Role of Coaching and Reflection

Role of Coaching and Reflection

DOI: 10.4018/978-1-5225-2685-8.ch003
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Abstract

Personalized professional learning incorporating coaching, modeling, and reflection, facilitates internal capacity building and increases self-efficacy, which are important elements to supporting school change. Coaching has been shown to improve teachers' abilities to adopt and implement new teaching practices. Also, through reflection, or purposeful thinking, and a sustained collaborative culture, educators have indicated stronger feelings of support, greater personal investment, and increased motivation to enrich teaching and positively affect student growth. However, despite research indicating the value of personalized, embedded, and sustained professional development, rooted in project-based activities with coaching and reflection, one-shot workshops are still, often the norm. This chapter is dedicated to sharing research related to coaching, reflection, and collaboration as it applies toward improving instruction and supporting school change.
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Overview

Instructional coaches work with individual and small groups of educators using research and data informed practices to increase teacher capacity as well as student engagement and achievement. Instructional coaches are on-site change agents who use professional development and differentiated coaching to increase teacher effectiveness by teaching educators how to successfully implement effective, research-based teaching techniques and practices (Definition of Instruction, 2014). Further, instructional coaches incorporate reflective teaching principles to enable teachers to think deeply about classroom practices and their effectiveness. Both instructional coaching and reflective teaching facilitate an increased sense of self-efficacy (Robinson & Sebba, 2010). As ever-changing educator reforms are being put into place, coaching to personalize teacher training is especially critical in supporting teachers, as they are required to adopt new practices (Keengwe & Onchwari, 2010). A teacher coach has the professional responsibility to share research-based best practices with educators and administrators (Lamitina, McKenna, Walpole, & Zarine, 2015). Further, Martin and Strother (2010) found instructional coaches help personalize professional development through observations, modeling, and feedback with reflection. Coaching, in conjunction with new curriculum and learning materials are more likely to bring greater results in basic literacy skills for preschoolers (Lamitina et al., 2015). Personalized literacy coaching in particular, has been linked with promoting a positive culture of ongoing learning and teachers were more apt to make changes through reflective activities (Haag et al., 2011). To that end, coaching works to support educators through relationship building and trust, giving context to new learning (Keengwe & Onchwari, 2010). In a study by Meeuwse (2016), early literacy teachers reported feelings of confidence and a willingness to try new pedagogical strategies after working with a literacy coach. Prior to working with a literacy coach, these teachers had no blueprint for reaching struggling readers. There was not a unified teaching strategy and individual teachers were working in isolation.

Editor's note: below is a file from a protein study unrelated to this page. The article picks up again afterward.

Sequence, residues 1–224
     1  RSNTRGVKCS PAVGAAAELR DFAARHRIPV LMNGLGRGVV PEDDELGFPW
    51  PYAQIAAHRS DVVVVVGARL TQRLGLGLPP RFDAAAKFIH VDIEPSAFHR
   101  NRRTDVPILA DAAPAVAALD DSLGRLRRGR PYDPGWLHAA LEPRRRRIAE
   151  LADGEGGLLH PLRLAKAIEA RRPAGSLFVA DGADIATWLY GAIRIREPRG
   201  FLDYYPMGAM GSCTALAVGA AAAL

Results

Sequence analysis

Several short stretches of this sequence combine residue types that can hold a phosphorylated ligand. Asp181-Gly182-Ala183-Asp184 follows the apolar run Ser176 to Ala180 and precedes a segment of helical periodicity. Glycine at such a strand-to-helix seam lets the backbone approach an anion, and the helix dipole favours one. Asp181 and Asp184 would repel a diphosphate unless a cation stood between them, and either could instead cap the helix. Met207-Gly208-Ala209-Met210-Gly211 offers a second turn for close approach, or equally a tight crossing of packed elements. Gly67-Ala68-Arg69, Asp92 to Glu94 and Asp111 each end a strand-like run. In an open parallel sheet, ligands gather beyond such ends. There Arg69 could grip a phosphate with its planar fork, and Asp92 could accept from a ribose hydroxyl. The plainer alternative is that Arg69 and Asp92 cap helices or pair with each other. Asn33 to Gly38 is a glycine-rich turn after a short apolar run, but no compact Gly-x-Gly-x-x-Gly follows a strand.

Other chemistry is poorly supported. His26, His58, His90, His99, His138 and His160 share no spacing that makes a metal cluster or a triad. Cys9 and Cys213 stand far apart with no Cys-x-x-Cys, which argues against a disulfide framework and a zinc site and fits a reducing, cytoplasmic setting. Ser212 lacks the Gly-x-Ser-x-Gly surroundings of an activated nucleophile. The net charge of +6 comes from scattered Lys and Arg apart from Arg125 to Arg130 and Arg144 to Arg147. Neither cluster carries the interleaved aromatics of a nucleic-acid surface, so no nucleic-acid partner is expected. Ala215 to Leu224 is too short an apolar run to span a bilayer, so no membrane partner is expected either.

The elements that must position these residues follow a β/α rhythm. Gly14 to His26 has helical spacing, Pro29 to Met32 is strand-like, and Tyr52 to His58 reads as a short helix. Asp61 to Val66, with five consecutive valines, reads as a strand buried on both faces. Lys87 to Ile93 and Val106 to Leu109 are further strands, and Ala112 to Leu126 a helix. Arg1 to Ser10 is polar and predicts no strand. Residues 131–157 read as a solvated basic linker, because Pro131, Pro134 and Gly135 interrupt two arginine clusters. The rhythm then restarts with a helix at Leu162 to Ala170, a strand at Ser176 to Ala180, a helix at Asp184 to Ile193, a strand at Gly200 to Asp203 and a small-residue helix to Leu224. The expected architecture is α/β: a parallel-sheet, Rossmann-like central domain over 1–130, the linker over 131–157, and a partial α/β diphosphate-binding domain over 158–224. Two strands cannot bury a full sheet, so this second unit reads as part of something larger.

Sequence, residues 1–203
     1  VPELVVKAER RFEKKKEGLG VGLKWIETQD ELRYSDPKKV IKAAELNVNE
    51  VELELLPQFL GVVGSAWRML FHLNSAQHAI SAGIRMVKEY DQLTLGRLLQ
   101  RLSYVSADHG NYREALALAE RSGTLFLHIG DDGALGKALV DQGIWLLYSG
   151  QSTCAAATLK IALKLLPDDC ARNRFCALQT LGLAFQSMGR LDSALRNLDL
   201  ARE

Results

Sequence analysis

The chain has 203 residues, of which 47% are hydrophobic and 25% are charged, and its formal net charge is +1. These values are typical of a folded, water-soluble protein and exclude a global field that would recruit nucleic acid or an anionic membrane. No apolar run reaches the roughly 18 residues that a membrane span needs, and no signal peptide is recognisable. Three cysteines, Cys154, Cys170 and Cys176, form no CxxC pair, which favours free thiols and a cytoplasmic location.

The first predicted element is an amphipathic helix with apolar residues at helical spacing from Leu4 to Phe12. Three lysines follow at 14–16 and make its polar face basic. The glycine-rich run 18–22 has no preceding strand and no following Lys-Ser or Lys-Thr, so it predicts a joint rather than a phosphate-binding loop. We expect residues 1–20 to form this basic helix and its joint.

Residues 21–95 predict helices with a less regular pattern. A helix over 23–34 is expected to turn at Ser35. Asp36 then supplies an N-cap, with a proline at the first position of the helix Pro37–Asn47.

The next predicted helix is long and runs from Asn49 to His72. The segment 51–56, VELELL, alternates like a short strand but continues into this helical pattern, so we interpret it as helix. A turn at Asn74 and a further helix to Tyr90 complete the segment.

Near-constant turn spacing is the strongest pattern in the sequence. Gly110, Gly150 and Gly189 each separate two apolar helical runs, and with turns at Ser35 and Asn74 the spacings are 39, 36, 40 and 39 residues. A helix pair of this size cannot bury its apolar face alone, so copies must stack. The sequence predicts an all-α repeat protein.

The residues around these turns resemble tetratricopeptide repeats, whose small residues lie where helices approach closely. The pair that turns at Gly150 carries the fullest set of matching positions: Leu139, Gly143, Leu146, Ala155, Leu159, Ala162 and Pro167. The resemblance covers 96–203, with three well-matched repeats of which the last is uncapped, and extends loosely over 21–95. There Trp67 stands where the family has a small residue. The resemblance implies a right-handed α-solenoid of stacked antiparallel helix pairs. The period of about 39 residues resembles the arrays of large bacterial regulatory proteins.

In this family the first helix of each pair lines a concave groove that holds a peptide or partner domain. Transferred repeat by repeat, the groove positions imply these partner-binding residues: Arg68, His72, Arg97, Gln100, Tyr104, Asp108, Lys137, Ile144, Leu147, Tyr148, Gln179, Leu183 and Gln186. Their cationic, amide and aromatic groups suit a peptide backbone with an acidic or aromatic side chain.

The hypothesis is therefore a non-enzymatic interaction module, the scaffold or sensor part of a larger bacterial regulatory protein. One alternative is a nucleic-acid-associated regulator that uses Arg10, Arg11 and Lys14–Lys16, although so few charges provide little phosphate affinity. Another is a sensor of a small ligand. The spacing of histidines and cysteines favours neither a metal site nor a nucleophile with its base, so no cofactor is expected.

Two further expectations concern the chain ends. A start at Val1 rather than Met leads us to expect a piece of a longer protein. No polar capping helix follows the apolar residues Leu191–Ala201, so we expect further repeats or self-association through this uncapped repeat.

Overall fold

Further, the work of Keengwe and Onchwari (2010), found students with mentored teachers showed significant improvement in early literacy skills over students with non-mentored teachers. By giving educators training in particular procedures and then opportunities for conversations and reflections with other educators with more expertise, educators were more apt to continuously improve their practice and commit to long-term pedagogical change (Biancarosa, Bryk, & Dexter, 2010). Successful pedagogical change depended on extensive, high-quality professional development with ongoing support (Martin & Strother, 2010). Thus, high quality personalized professional development included long duration, follow-up, ongoing support, and collaboration with community building (Martin & Strother, 2010).

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